Above: This SciSpinner clinostat was used for Aurora’s first year NC Space Grant project simulate microgravity.
When I tell people my research is about plants in space, someone often asks, “Oh, like The Martian?” I’m always torn between replying ‘yes’ and ‘no’. Real astrobotany is very different from the fictional exploits of Mark Watney, the botanist/engineer astronaut stuck on Mars in the story. However, some definite parallels exist between life and fiction.
Unlike Mark Watney, all of my research is done on terra firma. In fact, most astrobotany research is done on Earth. Sending plants to space is expensive, and there’s little room on the ISS for experiments. Only a few experiments can be done at a time, and they can only be done with a handful of large plants or a few dozen tiny seedlings. Before anything is sent up to space, new plant-growing hardware is tested and retested on earth. Before approval for launch, experiments are run and rerun on earth to check that everything works. After samples get back, tons of follow up work happens on the ground.
Astrobotanists have a few tricks up their sleeves to make Earth-bound plants “think” they’re in space. For example, my first NC Space Grant fellowship project focused on looking at what genes in plants get “turned on” in microgravity. The foundation of my project were experiments previously done on the ISS, but my follow up work needed to be done on the ground. I used slowly-rotating platforms called clinostats to trick my plants into thinking they were floating in space. The rotation of the clinostat kept the plants from being able to consistently sense the pull of gravity.
We also can change the environmental conditions of the plants to make them more spaceflight-like. Most astrobiology experiments on earth take place in growth chambers. The ones in my lab look like refrigerators filled with lights. Growth chambers allow us to adjust the lighting, humidity and temperature to mimic that on the space station. Some growth chambers even allow for altering the carbon dioxide levels of the atmosphere inside, which can simulate the high carbon dioxide levels on the ISS. I plan to run experiments under elevated carbon dioxide for part of my second-year project to see if it affects how plants and microbes interact.
In The Martian, Mark solves his dilemma of running low on food by using his botanical knowledge to grow potatoes in Martian soil, aka “regolith”. He is fortunate enough to get record-breaking yields the first time around. This quick success is clearly fiction.
Regolith on the moon and Mars is low in key plant nutrients, has terrible water absorption properties and is often contaminated with heavy metals or toxic compounds. Since real regolith is hard to come by, astrobotanists get around this by making “regolith simulants” from crushed volcanic rock. Even in the fake stuff, plants don’t grow too well, and plant growth in actual lunar soil was even worse than in regolith simulant. In short, we’re a long way away from mounds of tasty potatoes.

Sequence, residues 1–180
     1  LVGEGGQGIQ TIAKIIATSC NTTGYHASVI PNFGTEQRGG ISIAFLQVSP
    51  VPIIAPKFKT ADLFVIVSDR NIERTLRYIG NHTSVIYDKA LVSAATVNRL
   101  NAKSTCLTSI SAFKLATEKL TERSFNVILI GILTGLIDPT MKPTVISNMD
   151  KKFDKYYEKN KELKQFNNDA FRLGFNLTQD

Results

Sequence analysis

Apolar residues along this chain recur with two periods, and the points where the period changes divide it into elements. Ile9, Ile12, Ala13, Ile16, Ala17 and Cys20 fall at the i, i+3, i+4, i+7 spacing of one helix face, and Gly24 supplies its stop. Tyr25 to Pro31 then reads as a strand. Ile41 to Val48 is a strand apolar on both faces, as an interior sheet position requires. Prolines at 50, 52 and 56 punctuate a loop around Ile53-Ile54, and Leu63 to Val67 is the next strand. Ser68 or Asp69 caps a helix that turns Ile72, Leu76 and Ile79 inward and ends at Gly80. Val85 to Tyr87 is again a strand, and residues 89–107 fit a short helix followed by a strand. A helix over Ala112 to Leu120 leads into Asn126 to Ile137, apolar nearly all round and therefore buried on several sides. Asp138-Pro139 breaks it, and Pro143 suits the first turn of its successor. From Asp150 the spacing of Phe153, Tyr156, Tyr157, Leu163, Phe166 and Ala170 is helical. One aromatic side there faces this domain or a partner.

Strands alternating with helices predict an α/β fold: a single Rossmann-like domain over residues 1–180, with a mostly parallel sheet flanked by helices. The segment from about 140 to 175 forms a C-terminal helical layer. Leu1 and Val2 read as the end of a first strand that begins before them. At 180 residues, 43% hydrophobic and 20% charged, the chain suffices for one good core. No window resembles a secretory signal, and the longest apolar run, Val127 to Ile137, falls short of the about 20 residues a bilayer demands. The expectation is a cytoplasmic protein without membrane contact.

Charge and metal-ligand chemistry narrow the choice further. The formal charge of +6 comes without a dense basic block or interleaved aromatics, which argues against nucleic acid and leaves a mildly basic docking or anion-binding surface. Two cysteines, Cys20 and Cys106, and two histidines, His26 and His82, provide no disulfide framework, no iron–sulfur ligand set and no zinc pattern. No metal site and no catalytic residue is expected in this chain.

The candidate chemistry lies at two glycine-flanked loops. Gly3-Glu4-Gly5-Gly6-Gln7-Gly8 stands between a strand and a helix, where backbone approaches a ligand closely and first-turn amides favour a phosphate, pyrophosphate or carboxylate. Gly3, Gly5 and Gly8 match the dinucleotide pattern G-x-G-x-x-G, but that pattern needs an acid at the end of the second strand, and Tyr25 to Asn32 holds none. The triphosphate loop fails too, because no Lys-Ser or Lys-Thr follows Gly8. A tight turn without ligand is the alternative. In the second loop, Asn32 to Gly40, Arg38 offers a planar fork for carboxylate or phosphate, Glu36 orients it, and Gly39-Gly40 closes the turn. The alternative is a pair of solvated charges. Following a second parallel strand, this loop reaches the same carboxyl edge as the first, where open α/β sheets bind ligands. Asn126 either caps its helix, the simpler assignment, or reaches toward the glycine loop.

Growing plants on spacecraft poses a different set of challenges. Water behaves differently in microgravity, which makes watering plants tricky. You’ve probably seen videos of astronauts playing with balls of water or squeezing out washcloths in space. The water doesn’t flow “down,” but sticks to itself in a blob. The same thing can happen in growing media for plants. Water can blob up away from roots and the plants wilt, or too much water can blob right next to the roots and keep them from getting oxygen. (Yes, plant roots need water AND oxygen to live). Engineers and astrobotanists work hard on Earth to overcome these challenges, but the real test doesn’t happen until the plants are in orbit, sometimes with unexpected outcomes.
On top of all these challenges is the ever-present elevated levels of radiation in space, especially when spacecraft leave low-earth orbit. Plants have a higher tolerance for radiation than humans, but long-term exposure to radiation is usually bad for any living thing. NASA is actively undertaking research on the long-term effects of space-like radiation on plants.
On Earth, bacteria and fungi are the unsung heroes of the world. They can colonize plant roots and enable plants to be more resilient when faced with the stresses of low nutrients, drought, heavy metals, and flooding. Beneficial microbes help plants resist disease, and can even help alert plants that their neighbors are under attack. In The Martian, Mark Watney’s key to success growing potatoes was the introduction of beneficial microbes that could help extract nutrients from the Mars regolith. This is factual — microbes will be an important part of cultivating plants in space, just like they are on Earth.
For my project, I picked microbes isolated from plants grown on the ISS, because they already demonstrated that they were good at colonizing plants on spacecraft and have already undergone experiments that indicate they might be good at releasing plant nutrients from the soil. I will see if these microbes actually improve plant growth on low-nutrient artificial media and in lunar regolith simulant. Since regolith is a lot like rock on Earth, there’s a chance these microbes might also help plants get nutrients from rocks on terrestrial farms, which would reduce the amount of fertilizer farmers need to apply.
Even though I and my research are stuck on the ground, I am still using microbes to solve problems in space … just like Mark Watney.